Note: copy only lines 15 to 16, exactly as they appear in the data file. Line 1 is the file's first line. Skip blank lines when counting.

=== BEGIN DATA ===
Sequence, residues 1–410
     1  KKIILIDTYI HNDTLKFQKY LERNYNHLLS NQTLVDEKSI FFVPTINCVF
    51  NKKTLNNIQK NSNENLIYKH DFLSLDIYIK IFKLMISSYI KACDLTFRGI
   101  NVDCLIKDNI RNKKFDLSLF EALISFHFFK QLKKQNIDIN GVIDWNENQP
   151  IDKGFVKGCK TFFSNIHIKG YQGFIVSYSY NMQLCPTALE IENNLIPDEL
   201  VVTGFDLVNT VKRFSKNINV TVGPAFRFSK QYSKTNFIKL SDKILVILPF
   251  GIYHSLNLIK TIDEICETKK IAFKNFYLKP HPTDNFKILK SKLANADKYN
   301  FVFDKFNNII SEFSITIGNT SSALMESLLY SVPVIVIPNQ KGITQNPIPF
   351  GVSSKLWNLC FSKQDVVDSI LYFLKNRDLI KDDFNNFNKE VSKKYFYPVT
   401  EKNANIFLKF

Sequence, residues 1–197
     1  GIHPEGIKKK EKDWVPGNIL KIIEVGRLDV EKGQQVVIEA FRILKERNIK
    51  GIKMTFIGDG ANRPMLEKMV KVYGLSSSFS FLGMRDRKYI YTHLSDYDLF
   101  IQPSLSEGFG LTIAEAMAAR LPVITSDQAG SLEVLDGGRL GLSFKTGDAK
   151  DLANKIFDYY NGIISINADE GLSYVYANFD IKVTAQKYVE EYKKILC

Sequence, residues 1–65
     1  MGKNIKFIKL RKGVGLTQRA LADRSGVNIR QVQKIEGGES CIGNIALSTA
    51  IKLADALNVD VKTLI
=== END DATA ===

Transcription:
   151  DLANKIFDYY NGIISINADE GLSYVYANFD IKVTAQKYVE EYKKILC

Sequence, residues 1–65